3.1.2 Shedding duration and quantity of virus particles shed

Shedding duration is not easy to measure on farms as it requires an individual follow-up of pigs. The HEV shedding period was estimated at around 27 days in two studies carried out on commercial pig farms in Europe [33, 39]. Data from three pig herds evidenced a huge variation in the infection dynamics according to the farms, with some batches exhibiting late and short-term infections, while others had early and long-term shedding periods [31]. When pigs were experimentally infected by the intravenous route, shedding lasted from 13 to 49 days depending on the viral dose inoculated [34], whereas an HEV infection trial described a shedding duration of 9.7 days [8.2–11.2] when pigs were orally infected [35]. This experimental estimate was lower than shedding durations observed on farms, suggesting the existence of factors influencing duration of the shedding period. One of them may be other pathogens co-infecting pigs. For instance, one trial showed that a PRRSV/HEV co-infection dramatically extended the shedding period by a factor of 5 to 48.6 vs 9.7 days [36].

Few data are available on the quantity of virus particles shed by infected animals. In field conditions, one study carried out in two pig herds in Japan reported an HEV load in faeces of between 103.8 and 106 GE/g throughout the pigs’ life [40]. Similarly, the quantity of HEV particles shed was evaluated between 104 and 106 GE/g of faeces in an experimental trial involving 18 pigs that had been orally infected [35]. When pigs were co-infected with PRRSV, the viral load shed increased to between 105 and 108 GE/g of faeces, and the accumulation of HEV in the environment was significantly higher too [36].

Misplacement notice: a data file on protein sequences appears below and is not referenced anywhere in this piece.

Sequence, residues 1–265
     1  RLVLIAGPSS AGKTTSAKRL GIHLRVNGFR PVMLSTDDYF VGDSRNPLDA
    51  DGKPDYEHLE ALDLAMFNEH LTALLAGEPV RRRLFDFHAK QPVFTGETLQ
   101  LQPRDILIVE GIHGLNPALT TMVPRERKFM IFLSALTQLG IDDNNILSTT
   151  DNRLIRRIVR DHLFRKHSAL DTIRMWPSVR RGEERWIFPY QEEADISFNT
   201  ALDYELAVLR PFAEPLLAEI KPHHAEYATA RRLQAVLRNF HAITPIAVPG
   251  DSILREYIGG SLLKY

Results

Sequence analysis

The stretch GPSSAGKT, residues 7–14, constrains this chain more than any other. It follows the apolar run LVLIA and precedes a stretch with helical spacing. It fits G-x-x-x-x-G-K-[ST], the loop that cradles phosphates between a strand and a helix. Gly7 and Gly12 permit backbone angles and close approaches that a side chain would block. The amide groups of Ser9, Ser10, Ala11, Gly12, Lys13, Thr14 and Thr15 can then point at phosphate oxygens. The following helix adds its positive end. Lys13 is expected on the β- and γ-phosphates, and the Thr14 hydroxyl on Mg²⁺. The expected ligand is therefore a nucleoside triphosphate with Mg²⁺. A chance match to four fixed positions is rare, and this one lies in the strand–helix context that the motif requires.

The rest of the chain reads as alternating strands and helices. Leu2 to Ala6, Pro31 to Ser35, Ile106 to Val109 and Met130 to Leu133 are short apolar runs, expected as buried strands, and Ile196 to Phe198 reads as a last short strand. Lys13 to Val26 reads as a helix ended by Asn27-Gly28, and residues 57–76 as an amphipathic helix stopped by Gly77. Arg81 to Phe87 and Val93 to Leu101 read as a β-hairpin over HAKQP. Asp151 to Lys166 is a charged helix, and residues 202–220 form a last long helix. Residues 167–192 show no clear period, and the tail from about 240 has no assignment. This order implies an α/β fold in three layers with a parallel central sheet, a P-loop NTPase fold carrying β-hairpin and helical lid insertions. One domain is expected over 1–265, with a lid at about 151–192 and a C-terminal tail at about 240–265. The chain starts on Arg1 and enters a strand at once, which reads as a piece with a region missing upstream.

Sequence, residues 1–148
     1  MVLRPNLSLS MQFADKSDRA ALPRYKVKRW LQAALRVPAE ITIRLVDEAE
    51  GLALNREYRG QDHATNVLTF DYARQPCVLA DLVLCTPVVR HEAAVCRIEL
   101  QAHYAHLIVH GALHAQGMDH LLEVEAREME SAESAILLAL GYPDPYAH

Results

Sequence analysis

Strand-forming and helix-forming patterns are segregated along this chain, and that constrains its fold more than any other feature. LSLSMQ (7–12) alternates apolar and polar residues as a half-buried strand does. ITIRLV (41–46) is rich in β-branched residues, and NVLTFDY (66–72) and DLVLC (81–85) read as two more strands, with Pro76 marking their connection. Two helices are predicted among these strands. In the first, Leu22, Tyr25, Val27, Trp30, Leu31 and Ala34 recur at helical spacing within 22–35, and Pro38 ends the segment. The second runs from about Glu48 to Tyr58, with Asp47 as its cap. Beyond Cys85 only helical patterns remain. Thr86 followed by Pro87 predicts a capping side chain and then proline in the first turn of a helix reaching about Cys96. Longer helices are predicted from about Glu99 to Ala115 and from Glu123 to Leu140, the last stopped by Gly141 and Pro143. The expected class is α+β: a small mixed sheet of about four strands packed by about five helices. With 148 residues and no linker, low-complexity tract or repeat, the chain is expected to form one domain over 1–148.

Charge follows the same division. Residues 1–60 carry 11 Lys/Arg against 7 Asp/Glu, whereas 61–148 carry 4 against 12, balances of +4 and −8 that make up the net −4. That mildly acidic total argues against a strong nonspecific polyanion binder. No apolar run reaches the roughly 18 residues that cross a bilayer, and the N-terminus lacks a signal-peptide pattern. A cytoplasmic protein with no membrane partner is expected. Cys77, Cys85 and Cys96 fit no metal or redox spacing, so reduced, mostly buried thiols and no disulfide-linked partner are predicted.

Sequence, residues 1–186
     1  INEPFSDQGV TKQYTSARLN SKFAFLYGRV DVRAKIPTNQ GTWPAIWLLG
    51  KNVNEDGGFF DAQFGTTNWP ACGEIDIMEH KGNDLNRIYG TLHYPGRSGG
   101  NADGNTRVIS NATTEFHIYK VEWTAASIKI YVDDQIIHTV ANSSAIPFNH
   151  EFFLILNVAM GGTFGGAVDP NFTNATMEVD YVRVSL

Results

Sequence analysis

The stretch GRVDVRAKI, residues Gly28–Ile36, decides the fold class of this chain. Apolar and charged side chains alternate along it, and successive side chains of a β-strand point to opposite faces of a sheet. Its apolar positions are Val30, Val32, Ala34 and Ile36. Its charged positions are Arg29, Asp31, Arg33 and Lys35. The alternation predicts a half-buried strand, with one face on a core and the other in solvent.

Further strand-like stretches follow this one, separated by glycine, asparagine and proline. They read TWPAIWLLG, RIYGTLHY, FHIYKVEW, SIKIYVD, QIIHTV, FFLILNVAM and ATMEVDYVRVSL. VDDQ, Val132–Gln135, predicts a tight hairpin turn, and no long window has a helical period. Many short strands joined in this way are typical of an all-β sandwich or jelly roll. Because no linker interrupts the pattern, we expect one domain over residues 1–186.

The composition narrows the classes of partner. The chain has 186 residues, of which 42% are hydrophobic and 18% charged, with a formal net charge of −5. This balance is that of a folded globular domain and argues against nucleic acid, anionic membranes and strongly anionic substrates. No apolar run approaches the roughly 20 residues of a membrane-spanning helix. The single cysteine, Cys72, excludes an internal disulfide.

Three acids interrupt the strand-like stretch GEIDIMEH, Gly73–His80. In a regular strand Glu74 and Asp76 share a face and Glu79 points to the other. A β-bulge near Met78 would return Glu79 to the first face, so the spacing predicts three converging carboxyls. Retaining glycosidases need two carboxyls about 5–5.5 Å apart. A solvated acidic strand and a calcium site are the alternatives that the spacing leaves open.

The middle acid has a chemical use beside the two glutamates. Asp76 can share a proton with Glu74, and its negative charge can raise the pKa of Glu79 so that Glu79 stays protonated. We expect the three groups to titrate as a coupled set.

3.1.3 Humoral immune response

Fourteen studies investigated the humoral response of pigs following HEV infection (Additional file 2). In a longitudinal study carried out on six Spanish farms [41], IgM antibodies were first detected at 7 weeks of age in five farms and at 13 weeks of age in only one farm, whereas IgG antibodies were firstly observed at 13 weeks of age in four farms and at 18 weeks of age in the two other farms. At slaughter age (26 weeks), IgG antibodies were detected in 50 to 100% of pigs on five out of the six farms. In the study conducted by de Deus et al. [42], IgG antibodies were detected later (around 15 weeks), whereas IgA and IgM appeared at around 12 weeks. Similarly to the previous study, IgG antibodies were detected up to the slaughter age (22 weeks), whereas IgA and IgM only remained for 4–7 weeks.

Thanks to field data collected in Japan, Satou and Nishiura estimated the time required for seroconversion at 25 days (95% CI 20.9, 31.3) [30]. Similarly, the time to HEV seroconversion was estimated at 26.3 days in an experimental study and it was shown that co-infection with PRRSV delayed the time to seroconversion to 43.1 days, increasing the lag to seroconversion by a factor of 1.6 [36]. The presence of maternal antibodies was also found to delay seroconversion in piglets [40, 43]. The time taken for maternally-derived antibodies to wane depends on the quantity of the initial intake of colostral antibodies [41], which is itself related to the sow’s age [44] and HEV immune status. Passively acquired IgG remained detectable up to 9 weeks of age in piglets born to highly HEV-seropositive sows, compared to 1–3 weeks in piglets born to sows with weak anti-HEV immunity [42].

3.1.4 HEV viraemia